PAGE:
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Record #: O2021-5408   
Type: Ordinance Status: Passed
Intro date: 12/15/2021 Current Controlling Legislative Body: Committee on Zoning, Landmarks and Building Standards
Final action: 1/26/2022
Title: Historical landmark designation for Little Village Arch at 3100 W 26th St
Sponsors: Misc. Transmittal
Topic: HISTORICAL LANDMARKS - Designation
Attachments: 1. O2021-5408.pdf
Department of Planning and Development
CITY OF CHICAGO


December 9, 2021

The Honorable Anna M. Valencia City Clerk City of Chicago Room 107, City Hall 121 North LaSalle Street Chicago, Illinois 60602

RE: Ordinance designating the Little Village Arch (3100 W. 26th Street) as a Chicago Landmark

Dear Clerk Valencia:

We are filing with your office for introduction at the December 15, 2021, City Council meeting as a transmittal to the Mayor and City Council of Chicago the recommendation of the Commission on Chicago Landmarks that the Little Village Arch be designated as a Chicago Landmark.
The material being submitted to you for this proposal includes the:
Recommendation of the Commission on Chicago Landmarks; and
Proposed Ordinance.
Thank you for your cooperation in this matter. Sincerely,


Kathleen E. Dickhut Deputy Commissioner
Bureau of Citywide Systems and Historic Preservation Department of Planning and Development

ends.

cc: Alderman George Cardenas, 12th Ward (via email w/ enclosure)


DEC9 '21 2:3iPM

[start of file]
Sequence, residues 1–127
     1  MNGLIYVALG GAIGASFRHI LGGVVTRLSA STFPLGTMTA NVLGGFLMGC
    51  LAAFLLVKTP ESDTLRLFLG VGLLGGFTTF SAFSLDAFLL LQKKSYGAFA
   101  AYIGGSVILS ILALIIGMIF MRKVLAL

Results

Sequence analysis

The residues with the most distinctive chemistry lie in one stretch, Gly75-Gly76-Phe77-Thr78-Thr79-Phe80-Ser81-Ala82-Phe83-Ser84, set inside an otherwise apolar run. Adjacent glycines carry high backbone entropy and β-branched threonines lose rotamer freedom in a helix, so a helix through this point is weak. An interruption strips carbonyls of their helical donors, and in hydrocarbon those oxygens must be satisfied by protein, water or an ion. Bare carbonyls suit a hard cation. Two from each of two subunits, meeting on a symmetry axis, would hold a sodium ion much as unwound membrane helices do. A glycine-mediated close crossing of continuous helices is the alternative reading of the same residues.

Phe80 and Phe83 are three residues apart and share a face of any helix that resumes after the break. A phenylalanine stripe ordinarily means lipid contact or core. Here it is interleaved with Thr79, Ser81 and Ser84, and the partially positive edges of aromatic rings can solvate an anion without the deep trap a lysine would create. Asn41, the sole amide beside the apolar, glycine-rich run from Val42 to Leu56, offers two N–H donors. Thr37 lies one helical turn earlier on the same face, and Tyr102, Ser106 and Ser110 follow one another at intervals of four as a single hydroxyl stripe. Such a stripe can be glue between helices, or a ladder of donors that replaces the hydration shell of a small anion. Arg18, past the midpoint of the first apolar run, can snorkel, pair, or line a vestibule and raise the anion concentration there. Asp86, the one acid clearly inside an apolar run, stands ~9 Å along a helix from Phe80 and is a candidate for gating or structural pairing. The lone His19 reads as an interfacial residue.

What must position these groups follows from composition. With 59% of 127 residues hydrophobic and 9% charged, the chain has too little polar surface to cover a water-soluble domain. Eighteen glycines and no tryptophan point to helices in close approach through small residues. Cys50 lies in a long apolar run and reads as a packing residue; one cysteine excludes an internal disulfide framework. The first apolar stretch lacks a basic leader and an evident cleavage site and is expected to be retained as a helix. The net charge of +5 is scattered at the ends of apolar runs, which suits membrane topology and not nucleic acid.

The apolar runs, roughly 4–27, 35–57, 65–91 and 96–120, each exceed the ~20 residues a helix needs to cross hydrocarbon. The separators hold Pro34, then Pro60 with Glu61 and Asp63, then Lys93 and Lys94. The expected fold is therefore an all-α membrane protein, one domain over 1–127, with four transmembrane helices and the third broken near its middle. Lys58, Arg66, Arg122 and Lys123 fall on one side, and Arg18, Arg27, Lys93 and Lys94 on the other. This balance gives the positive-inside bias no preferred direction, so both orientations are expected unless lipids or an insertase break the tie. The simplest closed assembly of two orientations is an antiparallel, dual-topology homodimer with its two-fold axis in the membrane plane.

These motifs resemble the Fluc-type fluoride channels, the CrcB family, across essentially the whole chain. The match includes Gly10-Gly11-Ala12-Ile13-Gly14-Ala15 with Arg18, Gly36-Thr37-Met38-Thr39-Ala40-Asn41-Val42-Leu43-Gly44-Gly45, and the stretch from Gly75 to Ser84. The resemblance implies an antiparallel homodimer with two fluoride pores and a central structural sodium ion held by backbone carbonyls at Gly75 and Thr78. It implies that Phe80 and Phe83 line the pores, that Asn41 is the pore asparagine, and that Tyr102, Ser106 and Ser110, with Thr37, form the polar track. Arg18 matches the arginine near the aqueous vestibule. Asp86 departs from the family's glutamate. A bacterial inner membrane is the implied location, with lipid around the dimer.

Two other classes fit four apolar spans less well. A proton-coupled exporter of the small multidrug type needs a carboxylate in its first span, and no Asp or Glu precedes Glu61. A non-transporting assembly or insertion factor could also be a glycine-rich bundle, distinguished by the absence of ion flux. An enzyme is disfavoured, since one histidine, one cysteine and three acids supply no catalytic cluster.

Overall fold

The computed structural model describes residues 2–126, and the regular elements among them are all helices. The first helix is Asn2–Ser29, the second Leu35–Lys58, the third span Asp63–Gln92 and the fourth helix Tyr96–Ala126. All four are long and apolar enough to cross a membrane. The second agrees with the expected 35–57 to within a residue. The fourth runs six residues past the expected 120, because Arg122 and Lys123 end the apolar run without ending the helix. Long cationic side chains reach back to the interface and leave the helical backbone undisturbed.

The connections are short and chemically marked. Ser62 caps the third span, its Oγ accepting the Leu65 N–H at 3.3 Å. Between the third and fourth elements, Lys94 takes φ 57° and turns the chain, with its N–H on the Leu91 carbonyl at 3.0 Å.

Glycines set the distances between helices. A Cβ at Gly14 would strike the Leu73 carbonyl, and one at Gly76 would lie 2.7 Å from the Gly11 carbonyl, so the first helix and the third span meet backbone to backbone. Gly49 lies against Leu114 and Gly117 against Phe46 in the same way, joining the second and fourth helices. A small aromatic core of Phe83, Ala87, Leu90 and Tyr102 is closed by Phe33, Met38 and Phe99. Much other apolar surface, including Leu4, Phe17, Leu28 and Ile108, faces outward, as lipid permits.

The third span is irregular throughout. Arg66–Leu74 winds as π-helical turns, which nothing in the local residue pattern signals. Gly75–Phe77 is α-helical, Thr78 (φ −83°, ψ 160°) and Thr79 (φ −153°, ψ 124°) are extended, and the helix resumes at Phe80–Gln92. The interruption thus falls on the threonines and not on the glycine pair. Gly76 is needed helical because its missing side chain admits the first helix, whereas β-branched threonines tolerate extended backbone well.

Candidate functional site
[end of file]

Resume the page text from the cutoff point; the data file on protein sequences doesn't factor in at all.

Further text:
121 NORTH LASALLE STREET, ROOM 1000, CHICAGO, ILLINOIS 60602


ORDINANCE
Little Village Arch 3100 W. 26th Street
a. to

CM

LLi

WHEREAS, pursuant to the procedures set forth in the Municipal Code of Chicago (the "Municipal Code"), Sections 2-120-620 through -690, the Commission on Chicago Landmarks (the "Commission") has determined that the Little Village Arch (the "Arch"), located at approximately 3100 W. 26th Street, Chicago, Illinois, as depicted in Exhibit A, attached hereto and incorporated herein, satisfies three (3) criteria for landmark designation as set forth in Section 2-120-620 (1), (4), and (5) ofthe Municipal Code; and

WHEREAS, with its Bienvenidos a Little Village sign, the Arch exemplifies the cultural and social heritage of the Mexican community in Chicago in general and the neighborhood of Little Village specifically; and
WHEREAS, the Arch spans West 26th Street, a commercial street with significant economic heritage as it has served waves of immigrant residents over time including Europeans and Mexicans. Though many of the buildings on West 26th Street were built prior to the community becoming Mexican, the community has added and preserved its own significant layer of culture to West 26th Street through language, food, religion, family structure, murals, music and dance; and

WHEREAS, the Arch is unique in Chicago as the only example of a street gateway inspired by historic gateways built at Mexican religious sites, haciendas and walled towns in the Colonial era. It may be the only such example north of the Rio Grande River; and

WHEREAS, with its clay tile roof, stucco towers with domed roofs, and tiled span, the Arch exhibits materials and design details that are typically found in Mexico and conveys the living heritage ofthe community in Little Village; and
WHEREAS, Mexican-American artist and architect Adrian Lozano holds the distinction of being involved in the design of three buildings in Chicago treasured by the Mexican community: the Little Village Arch, the National Museum of Mexican Art and Benito Juarez Community Academy; and